THE SPY WITH TWO HATS: A Life of Timothy Webster by Rosamond McPherson Young

THE SPY WITH TWO HATS: A Life of Timothy Webster

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KIRKUS REVIEW

This is fictionalized biography to such an extent that it's written as if in the autobiographical, first person. Demands for authentic information on Timothy Webster must be rare however, and there is a bibliography to cover those. This book is more for adventure readers--a variant on the two popular themes of the Civil War, and spying. Timothy Webster was one of Alexander Pinkerton's agents, and he went from routine detection work to specializing in gathering vital Confederate information. He could pass the Mason-Dixon line so convincingly that the Southerners used him as their courier too, while Webster was passing the information on to the North. Eventually he was given away, tried and hung. Although the trial seems unnecessarily drawn out, this is a lively account kept moving by the details of the early years on the Pinkerton force, the methods of Civil War intelligence work, and a spot of romance.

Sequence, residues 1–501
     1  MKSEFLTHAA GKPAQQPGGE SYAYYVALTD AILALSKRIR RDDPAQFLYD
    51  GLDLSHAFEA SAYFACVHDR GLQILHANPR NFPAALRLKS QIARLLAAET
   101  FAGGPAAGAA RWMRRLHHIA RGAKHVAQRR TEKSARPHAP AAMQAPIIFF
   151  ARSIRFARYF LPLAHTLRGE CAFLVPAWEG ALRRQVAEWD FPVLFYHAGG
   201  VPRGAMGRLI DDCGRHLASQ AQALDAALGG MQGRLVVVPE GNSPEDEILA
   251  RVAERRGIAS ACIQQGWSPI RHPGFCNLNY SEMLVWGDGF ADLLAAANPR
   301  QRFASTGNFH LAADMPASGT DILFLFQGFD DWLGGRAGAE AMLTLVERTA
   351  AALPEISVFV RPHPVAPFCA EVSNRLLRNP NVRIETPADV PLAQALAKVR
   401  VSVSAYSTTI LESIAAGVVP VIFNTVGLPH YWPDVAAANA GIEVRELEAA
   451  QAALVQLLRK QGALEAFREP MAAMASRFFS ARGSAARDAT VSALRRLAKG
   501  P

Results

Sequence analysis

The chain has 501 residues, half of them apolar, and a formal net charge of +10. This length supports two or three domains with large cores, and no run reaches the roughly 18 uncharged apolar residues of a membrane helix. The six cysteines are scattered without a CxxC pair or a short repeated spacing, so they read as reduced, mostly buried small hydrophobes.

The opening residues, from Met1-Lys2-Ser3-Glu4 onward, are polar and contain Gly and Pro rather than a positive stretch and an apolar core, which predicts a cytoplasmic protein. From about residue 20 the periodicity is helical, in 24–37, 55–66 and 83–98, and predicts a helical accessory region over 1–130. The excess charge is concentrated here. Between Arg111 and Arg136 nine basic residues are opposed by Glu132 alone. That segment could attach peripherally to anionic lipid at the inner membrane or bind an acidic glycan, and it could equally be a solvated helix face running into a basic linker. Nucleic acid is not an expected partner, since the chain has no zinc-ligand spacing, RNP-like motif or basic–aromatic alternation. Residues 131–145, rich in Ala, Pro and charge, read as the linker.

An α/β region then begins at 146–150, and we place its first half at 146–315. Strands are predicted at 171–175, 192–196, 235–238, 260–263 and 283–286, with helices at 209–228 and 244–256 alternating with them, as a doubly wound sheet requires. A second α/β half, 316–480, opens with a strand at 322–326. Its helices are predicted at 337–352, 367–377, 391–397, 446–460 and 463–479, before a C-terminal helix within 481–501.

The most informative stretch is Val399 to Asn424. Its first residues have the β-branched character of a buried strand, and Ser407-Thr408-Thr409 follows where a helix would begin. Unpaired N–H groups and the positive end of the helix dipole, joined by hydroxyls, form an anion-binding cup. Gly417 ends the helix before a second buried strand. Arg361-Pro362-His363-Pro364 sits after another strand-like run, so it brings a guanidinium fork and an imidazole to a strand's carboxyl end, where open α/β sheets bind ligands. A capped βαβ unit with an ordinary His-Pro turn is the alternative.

Pub Date: Sept. 1st, 1966
Publisher: McKay